Great brawl of China
Much about the Chinese Grand Prix feels big. Not just due to the vast host country, the Shanghai International Circuit set the standards on dimensions too. The gleaming futuristic architecture towers and spreads. Paddock occupants are sure they walk far further in the Shanghai weekend than any other.
The race’s genesis is big too. A Government-backed Grand Prix in a coming economy and geopolitical power.
The track has much of the typical Tilke layout. A bit-of-everything – quick, medium and slow corners feature. A long straight – underlining the theme of vastness it’s reckoned to be about the longest in F1 – and a big stop at the end plotted with overtaking in mind. Trademark Tilke long fast esses elsewhere.
And heading into this Chinese Grand Prix the chief considerations are appropriately big. In Australia’s season-opener things looked simple even with Sebastian Vettel’s win – that 2018 was going to be a stroll for Mercedes and especially Lewis Hamilton as testing had indicated; as Mercedes had dominated habitually in recent years indeed. In Bahrain though things turned. Ferrari left Mercedes behind in qualifying and held it off in the race.
Therefore the big event has a big question attached to it. Which of those two is our norm for this season? Or is the norm somewhere else entirely?
Adding to the confusion, Melbourne and Bahrain for their own reasons weren’t standard challenges and neither is Shanghai. The Chinese track is, in the parlance, ‘front limited’ meaning it puts more strain on the front of the car than the rear (something that is unusual). This is particularly via the long and doubling-back-on-itself opening complex and that later in the lap before the vast straight.
Set-up is challenging, the long turns here create high lateral loads for the tyres and graining is a fairly common issue here particularly when the weather is cool (which it is forecast to be this time). Strategy and getting tyres into the ‘window’ often frame results here. The corkscrew opening complex can also be the scene of grief and resultant jumbling of the order first time through.
Pirelli has aimed for two-stoppers as the norm this year but Melbourne was one-stop all round while as we know the top three in Bahrain was also able to eke out a one-stopper.
This year Pirelll’s changed the compounds it’s bringing to China, replacing the supersoft with the ultrasoft to join the soft and medium in an attempt to craete more difference and more even gaps between the three available compounds.
Adding to the fun rain is a fairly common presence in Chinese visits and was in qualifying and the race last year. The forecast for this weekend is that rain could hit Friday practice, adding further to the set-up challenges.
Overtaking will be more presentable than at most tracks plus with the recent agonising more generally about passing we can expect the DRS zone to be generous. After last year’s Shanghai race many of us thought F1 had cracked its overtaking problem, then again that was a wet-to-dry jumbled affair. On the other hand the run to the first turn here is short meaning it’ll be hard to make places off the line.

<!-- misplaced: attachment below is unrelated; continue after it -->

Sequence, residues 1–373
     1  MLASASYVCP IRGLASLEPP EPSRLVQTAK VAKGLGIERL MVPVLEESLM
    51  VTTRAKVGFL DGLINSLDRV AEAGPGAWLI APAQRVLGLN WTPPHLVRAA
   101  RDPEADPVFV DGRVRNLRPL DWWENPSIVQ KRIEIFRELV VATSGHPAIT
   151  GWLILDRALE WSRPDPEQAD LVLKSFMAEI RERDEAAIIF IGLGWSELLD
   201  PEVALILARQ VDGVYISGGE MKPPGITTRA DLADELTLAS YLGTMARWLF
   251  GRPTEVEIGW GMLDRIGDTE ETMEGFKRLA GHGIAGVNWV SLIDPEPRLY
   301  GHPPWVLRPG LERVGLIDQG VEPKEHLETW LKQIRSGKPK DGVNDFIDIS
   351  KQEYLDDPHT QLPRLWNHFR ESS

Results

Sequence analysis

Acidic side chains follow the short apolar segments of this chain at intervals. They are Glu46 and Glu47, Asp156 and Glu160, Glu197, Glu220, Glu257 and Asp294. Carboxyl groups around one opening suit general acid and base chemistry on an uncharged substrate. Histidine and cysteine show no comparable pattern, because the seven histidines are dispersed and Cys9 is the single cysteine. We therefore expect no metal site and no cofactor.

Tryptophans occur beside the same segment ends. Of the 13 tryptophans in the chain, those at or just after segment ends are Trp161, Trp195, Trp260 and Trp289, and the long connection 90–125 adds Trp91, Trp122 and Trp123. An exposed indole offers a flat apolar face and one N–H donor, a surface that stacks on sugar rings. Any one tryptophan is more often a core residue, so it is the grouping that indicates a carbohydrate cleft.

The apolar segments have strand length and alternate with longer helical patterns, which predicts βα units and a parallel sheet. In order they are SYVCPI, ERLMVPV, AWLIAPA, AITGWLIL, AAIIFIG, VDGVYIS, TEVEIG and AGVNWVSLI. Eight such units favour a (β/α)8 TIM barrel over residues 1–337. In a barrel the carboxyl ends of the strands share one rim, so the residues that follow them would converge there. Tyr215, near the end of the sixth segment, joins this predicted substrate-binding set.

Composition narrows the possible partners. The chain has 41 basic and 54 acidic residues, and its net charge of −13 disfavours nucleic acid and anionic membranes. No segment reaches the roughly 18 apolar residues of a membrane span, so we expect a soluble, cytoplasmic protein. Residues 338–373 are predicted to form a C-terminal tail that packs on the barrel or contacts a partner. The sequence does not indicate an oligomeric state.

And at the front it may not just be about Mercedes and Ferrari, as Red Bull should be somewhere in the considerations if it can ever catch a break. Its potential was cloaked by traffic, penalties and mistakes in Australia, and by unreliability and mistakes in Bahrain. The smart money was on it having the fastest car of all in the Sakhir race.
Despite the many variables we can pick out some specific clues for this weekend. If the heat of Bahrain was Merc’s problem then it can be encouraged that as noted Shanghai will be much cooler. And if the abrasive surface in Bahrain was a problem for Merc then Shanghai’s is much smoother. And even with all its problems Mercedes probably should still have won in Bahrain; it probably would have without Lewis Hamilton’s grid penalty.
Local history is encouraging for Lewis this weekend too, as he’s won here five times including three of the last four. Vettel meanwhile, oddly, has only won here once and that was pushing a decade ago, in 2009’s severe rain (his first Red Bull win).
Just as it did with the front-running picture, Bahrain dashed our certainties about the midfield too. Melbourne running had, as with the front-runners, borne out testing’s expectations – in this case that Haas, Renault and McLaren was fighting to be best of the rest. Yet in Bahrain Toro Rosso vaulted forward to lead that trio by a distance, in a way that even the Faenza squad couldn’t explain. Force India looked more potent, and Marcus Ericsson got points for Sauber via a one-stopper. Certainly a blanket can be thrown over several teams, and their order is a tough call.
But up front the questions this time will be even bigger.
Author: Graham Keilloh
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